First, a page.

Malaria Parasites Might Make Their Infected Hosts Smell Tastier for Mosquitoes | Smart News | Smithsonian
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Malaria Parasites Might Make Their Infected Hosts Smell Tastier for Mosquitoes

So far, the finding has only been shown in mice

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It looks like malaria might belong to the group of parasites that manipulate their hosts' behavior and physiology to their own benefit. According to new research, the malaria parasite might change a host's smell to make it more attractive to mosquitoes, the BBC reports.

So far, this finding has only been confirmed in mice. Over a 45 day period, researchers studied the odors of mice that were both infected with malaria and free from the disease. The parasite seemed to amp up certain odors that mice produce naturally, the BBC describes, especially during the time that mice were infectious but not showing any symptoms of malaria. At that point, malaria parasites are primed to enter into mosquito in order to complete their life cycle and breed, and researchers found that mosquitoes were in turn more attracted to those mice at that time, the BBC reports.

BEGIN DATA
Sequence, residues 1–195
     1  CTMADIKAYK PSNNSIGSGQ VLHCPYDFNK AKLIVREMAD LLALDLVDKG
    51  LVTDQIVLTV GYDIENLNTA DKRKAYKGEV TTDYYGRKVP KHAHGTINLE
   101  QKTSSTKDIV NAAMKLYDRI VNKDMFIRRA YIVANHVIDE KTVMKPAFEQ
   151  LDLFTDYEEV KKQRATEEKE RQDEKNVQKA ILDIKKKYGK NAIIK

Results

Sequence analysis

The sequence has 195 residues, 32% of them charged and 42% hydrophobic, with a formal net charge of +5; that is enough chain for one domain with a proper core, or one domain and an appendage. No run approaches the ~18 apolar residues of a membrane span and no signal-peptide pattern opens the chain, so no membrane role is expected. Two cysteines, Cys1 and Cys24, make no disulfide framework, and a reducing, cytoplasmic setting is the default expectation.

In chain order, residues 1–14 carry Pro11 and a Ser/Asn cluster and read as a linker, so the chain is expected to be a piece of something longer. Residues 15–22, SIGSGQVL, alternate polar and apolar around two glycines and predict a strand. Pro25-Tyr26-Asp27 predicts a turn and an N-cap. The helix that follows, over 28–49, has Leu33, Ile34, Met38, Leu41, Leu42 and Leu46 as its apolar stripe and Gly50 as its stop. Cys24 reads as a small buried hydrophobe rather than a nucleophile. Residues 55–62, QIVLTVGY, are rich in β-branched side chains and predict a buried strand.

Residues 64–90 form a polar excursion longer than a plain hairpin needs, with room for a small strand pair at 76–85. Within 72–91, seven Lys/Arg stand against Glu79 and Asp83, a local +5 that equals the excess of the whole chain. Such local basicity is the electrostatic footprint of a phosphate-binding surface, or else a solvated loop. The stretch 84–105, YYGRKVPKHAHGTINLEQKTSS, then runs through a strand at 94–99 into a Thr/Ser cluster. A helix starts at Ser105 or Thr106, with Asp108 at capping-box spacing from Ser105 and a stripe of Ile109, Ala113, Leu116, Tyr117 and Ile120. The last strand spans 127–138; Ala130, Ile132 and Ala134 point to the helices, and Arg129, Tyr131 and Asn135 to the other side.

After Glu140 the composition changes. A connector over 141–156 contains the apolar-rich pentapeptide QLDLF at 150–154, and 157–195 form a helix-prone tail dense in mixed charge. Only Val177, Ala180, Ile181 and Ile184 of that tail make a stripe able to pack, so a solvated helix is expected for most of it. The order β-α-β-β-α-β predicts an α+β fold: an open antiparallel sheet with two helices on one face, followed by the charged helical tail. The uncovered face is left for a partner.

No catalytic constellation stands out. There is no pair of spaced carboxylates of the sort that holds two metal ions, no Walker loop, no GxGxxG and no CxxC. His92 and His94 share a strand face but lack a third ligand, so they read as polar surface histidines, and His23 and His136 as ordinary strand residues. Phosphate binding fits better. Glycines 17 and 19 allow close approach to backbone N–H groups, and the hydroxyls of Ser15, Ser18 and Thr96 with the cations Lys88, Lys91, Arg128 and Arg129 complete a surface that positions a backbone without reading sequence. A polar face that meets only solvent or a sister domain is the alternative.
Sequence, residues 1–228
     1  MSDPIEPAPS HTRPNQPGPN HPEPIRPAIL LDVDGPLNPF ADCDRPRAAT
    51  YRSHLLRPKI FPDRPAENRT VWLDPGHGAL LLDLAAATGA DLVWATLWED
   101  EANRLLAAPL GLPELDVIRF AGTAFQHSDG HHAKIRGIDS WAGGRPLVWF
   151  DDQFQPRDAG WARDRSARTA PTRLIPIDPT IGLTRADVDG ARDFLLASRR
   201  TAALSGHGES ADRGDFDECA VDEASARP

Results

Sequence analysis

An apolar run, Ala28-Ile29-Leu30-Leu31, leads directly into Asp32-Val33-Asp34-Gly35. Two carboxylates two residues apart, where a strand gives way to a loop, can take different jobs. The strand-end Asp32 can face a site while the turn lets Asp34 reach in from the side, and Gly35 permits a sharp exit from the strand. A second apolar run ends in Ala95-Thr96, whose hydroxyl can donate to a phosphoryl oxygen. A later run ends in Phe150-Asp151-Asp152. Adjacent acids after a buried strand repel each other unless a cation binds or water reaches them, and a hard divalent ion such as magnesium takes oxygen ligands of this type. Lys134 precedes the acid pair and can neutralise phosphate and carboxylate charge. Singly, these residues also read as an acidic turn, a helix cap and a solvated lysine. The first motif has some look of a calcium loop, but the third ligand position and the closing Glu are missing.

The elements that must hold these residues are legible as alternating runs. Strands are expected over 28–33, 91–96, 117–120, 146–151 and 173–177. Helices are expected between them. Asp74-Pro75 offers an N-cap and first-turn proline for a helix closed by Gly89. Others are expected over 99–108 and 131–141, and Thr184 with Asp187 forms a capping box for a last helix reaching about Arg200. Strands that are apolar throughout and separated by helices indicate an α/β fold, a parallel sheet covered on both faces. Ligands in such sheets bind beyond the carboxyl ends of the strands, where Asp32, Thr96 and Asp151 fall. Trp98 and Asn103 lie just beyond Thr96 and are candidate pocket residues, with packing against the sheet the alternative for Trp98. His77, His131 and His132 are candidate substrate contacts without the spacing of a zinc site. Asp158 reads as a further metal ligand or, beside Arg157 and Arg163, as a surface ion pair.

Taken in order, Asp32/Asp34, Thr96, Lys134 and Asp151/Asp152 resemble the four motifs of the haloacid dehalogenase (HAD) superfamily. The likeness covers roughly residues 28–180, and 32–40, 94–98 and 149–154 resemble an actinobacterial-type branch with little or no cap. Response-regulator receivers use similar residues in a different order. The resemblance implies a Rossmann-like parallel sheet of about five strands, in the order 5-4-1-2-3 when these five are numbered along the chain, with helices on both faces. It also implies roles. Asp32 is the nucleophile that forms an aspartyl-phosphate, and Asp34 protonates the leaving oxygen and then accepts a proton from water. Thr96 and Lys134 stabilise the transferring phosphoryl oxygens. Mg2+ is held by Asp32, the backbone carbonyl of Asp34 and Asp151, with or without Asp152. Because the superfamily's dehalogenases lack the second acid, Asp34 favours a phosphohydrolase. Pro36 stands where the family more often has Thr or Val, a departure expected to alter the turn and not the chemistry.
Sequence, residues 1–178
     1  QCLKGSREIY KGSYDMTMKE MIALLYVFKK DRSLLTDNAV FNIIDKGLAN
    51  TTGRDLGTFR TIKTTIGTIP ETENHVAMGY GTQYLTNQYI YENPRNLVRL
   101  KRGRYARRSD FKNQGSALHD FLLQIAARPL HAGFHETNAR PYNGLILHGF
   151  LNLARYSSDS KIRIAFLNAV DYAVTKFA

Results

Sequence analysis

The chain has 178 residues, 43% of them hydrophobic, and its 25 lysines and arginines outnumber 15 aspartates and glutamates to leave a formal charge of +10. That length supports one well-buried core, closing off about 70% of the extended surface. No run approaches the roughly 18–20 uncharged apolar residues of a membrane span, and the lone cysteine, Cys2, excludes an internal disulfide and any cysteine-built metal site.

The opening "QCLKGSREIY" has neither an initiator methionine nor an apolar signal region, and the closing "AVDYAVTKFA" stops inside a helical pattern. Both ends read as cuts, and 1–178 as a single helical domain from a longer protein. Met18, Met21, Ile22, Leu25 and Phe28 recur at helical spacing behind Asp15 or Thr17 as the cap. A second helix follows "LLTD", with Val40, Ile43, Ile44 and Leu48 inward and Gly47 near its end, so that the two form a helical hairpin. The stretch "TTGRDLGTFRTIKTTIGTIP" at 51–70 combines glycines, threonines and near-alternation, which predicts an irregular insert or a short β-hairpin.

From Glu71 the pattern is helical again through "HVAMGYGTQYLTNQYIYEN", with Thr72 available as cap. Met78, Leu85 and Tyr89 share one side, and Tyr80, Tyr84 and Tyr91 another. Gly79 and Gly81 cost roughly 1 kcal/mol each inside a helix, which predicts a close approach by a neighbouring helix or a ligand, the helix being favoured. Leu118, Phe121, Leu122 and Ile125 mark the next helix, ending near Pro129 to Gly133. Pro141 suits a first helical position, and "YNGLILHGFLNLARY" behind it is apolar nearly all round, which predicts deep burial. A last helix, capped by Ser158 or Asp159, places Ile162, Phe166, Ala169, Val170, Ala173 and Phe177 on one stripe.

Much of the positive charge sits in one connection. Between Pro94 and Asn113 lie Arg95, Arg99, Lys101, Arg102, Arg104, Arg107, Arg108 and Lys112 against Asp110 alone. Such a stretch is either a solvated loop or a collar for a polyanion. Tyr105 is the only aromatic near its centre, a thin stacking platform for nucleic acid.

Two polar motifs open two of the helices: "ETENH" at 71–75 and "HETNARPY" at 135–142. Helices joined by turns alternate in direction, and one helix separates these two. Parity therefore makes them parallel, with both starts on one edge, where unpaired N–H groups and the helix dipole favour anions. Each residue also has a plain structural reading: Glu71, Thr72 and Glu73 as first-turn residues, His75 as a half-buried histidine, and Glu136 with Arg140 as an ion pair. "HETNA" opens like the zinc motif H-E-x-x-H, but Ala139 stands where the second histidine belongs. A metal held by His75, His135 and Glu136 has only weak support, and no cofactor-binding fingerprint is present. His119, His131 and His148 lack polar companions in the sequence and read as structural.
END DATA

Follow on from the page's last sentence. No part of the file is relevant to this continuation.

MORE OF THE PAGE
Chemistry World adds that previous studies have suggested that people who are infected with malaria attract more mosquitoes, although the biological mechanism behind that observation has yet to be demonstrated. At this point, scientists can't say for sure that the mice finding translates to humans, but they plan to find out with further studies. 

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